I started blogging about our journey to adopt our two young boys back in 2017. Some day I may finish the story.

For my first blog post of 2020, I thought I’d share one of my challenges of being a parent to the boys and a 5-year old Labrador called Mickey: crossing the road.

Since the boys moved in 18 months ago, I’ve always encouraged them to come with me on Mickey’s walks. The youngest started coming in a pushchair, and both are now walking, but they still came. It teaches them the importance of looking after another living being and that Daddy can’t always give them his attention.

On our walks, I’ve tried to be a responsible parent and teach the boys the rules of the road. Stop and look both ways before you cross, for example. My eldest has now learnt this and practices it himself (“no cars Daddy”) without me telling him.

Our local estate is generally quiet for traffic, so crossing the road is usually uneventful. As you’d expect, there are times we have to wait for a passing car before we can cross. I’m constantly re-enforcing to the boys that they must wait until the road is clear of cars before they cross.

Which means when someone stops and waves us across the road in front of them, whilst it is a kind act, it does irritate me.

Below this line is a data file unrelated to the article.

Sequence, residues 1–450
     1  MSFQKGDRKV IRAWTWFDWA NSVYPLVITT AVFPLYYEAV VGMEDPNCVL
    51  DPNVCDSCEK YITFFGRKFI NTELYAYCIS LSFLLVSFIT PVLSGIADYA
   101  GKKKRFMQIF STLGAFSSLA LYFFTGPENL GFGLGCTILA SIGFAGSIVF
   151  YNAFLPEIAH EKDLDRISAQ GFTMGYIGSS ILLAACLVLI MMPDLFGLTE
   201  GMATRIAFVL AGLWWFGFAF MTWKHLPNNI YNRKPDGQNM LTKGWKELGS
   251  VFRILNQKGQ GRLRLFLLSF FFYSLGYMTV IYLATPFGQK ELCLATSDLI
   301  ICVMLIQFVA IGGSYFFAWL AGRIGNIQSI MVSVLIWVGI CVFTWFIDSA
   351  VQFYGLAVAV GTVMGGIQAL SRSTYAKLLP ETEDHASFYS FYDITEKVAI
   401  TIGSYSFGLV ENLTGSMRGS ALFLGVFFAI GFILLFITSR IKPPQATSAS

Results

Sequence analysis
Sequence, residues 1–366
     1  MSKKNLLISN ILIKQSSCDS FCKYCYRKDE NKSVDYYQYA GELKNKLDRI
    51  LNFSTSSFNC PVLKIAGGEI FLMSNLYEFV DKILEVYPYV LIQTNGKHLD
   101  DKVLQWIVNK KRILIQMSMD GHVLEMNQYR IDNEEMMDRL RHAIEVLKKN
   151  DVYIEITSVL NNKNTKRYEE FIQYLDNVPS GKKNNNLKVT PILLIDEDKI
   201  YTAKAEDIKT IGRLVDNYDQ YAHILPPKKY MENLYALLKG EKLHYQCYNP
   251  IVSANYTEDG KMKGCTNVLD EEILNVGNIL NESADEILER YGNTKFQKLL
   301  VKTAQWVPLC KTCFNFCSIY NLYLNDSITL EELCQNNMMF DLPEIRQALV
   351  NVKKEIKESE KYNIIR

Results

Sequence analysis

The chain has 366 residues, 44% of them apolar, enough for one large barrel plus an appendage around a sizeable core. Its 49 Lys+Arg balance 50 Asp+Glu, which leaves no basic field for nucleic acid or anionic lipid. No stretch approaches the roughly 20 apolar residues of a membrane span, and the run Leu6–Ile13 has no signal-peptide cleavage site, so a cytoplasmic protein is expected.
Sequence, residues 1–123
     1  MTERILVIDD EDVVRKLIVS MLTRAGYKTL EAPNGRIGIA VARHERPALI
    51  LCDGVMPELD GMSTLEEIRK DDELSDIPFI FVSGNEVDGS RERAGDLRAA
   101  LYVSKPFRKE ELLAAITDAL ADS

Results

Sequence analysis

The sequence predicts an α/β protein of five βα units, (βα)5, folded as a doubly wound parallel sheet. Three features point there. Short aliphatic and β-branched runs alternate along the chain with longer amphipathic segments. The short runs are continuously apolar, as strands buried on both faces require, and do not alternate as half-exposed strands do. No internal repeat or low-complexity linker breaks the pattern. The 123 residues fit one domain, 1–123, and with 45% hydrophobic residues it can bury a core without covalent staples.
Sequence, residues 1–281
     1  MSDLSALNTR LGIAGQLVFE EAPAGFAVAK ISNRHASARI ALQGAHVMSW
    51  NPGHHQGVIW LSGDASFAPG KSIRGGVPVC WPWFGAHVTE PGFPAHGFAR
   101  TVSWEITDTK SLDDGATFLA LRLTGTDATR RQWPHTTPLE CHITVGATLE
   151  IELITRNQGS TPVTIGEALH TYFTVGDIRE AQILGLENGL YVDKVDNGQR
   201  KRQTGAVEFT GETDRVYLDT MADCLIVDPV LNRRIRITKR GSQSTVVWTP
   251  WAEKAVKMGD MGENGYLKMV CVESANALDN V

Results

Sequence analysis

Why, you may ask.

Walking two young boys and an adult Labrador dog is not always a walk in the park.

Firstly, it undermines my teaching and probably confuses them. I’ve told them to wait until the road is clear before crossing, but now I’m pushing them across the road in front of this car. The last thing I want is them thinking it’s okay to cross in front of a car, that may not stop.

Secondly, it adds to my stress when I am out walking. If someone waves us across the road, I feel this pressure that I have to be quick so as not to hold up any other traffic. (I’m not joking; one time I’ve had 3 cars waiting for us to cross the road.)

Then just as we start to rush across the road, Mickey will decide a patch of grass growing out the kerb-side is a perfect opportunity for a tasty snack. While I’m pulling him away and over the road, my eldest will have legged it across (despite the numerous times I tell him not to run, just walk!) and my youngest will have walked behind me to try and get round Mickey and is precariously negotiating the step down from the kerb.

Don’t get be a wrong, it is a kind thing for a driver to do, and one I’ve done plenty of times myself. For this reason my opinion may be an unpopular one.

I would politely ask you: please don’t let my kids and I cross the road in front of your car. Unless we’re on a crossing of course! Drive on by and let me choose when to cross; at a time when it is both safe and convenient for us to do so.